Meanwhile, the labor force will keep growing. Even during the last 12 months of recession, it has increased 1.8 percent to nearly 111 million people, with 11.3 million out of work. In a recovery, the labor force usually grows faster than normal as discouraged workers and others are drawn in by the availability of jobs.

If productivity were to grow 2 percent in 1983 and average hours worked by 1 percent, total output, the gross national product, would have to rise by 3 percent just to keep the employment level from falling. With growth no faster than that, all of the 2.2 million workers likely to come into the labor force would end up unemployed.

With 4 percent real growth, roughly 1 million of the 2.2 million would find jobs, and the unemployment rate would climb to 11 percent as the labor force increased to 113.2 million and the number of jobless reached 12.5 million.

With growth at that rate, however, productivity might go up very little and the length of the average workweek might increase negligibly, or the labor force might increase no faster than before.

The critical point is that the growth rate described as likely and appropriate by Treasury Secretary Donald T. Regan, Council of Economic Advisers Chairman Martin Feldstein and other administration officials for 1983 and beyond will mean only a slow reduction in unemployment at best. With the kind of productivity gain needed to cool inflation further, there might be no reduction -- and perhaps an increase -- in unemployment.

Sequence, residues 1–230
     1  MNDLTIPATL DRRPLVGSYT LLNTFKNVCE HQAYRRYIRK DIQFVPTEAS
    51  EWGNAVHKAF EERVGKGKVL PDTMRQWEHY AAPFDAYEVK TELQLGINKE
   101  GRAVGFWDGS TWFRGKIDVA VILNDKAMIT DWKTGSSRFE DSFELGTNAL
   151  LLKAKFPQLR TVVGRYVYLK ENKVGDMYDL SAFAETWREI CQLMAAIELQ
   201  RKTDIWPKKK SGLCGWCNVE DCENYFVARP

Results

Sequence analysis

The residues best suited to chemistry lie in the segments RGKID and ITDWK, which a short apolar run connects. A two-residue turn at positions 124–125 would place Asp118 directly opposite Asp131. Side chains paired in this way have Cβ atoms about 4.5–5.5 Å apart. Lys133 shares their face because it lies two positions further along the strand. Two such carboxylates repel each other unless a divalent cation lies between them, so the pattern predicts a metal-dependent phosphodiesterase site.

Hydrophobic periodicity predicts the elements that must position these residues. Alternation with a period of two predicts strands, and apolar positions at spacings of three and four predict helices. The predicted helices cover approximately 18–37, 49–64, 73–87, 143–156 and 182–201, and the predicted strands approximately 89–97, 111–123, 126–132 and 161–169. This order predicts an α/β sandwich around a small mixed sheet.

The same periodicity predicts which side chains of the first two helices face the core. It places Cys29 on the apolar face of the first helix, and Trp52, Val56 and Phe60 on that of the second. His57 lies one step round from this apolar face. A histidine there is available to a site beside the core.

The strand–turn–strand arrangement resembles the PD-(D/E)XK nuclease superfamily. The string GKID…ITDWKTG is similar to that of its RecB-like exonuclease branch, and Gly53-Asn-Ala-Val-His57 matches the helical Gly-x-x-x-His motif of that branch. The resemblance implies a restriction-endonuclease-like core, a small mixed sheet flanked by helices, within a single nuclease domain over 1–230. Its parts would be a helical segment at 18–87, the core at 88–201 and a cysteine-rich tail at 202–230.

The outlook for inflation is much better. Wages are rising less rapidly than before the recession and neither oil nor grain prices, the two main villains in recent years, seem likely to jump in the next year or two.

But the recession has forced many companies to cut their prices faster than they have been able to cut costs, including labor costs, and that has cut their profit margins sharply. When market conditions firm up, businesses will try to return to more normal profit margins. In most cases, markets will remain much too weak for that in 1983, but it will be a factor tending to push prices up. A rebound is likely for basic commodities sold in highly competitive "auction" markets, where prices have tumbled with the recession.

Wages will continue to rise. The Labor Department's index of average hourly earnings was up 6 percent in the last 12 months, and rose at an annual rate of 4.9 percent over the last three months. Fringe benefits and other compensation are rising, too.

Since profit margins have already been squeezed so hard--profits per dollar of sales for manufacturing corporations were down to 3.6 cents in the second quarter from 4.9 cents a year earlier -- businesses will try to pass on to the consumer any increase in labor costs.

Few economists expect wages to rise less than 6 percent next year if there is a recovery. If business is getting better, labor, too, will be trying to recoup its recession losses. Still, since unemployment will be very high, the labor market will be slack and no surge in wages is expected.

But if wages plus fringes go up 6 1/2 percent or 7 percent in 1983, and labor productivity rises no more than 1 1/2 percent or 2 percent, then unit labor costs -- labor costs per unit of production, one of the most basic underlying elements of the inflation rate -- would rise roughly 5 percent. That would seem to be a floor for the inflation rate next year. Any success in rebuilding profit margins would push it higher. So would a weakening of the dollar's very strong position on foreign exchange markets, which would make imports more costly.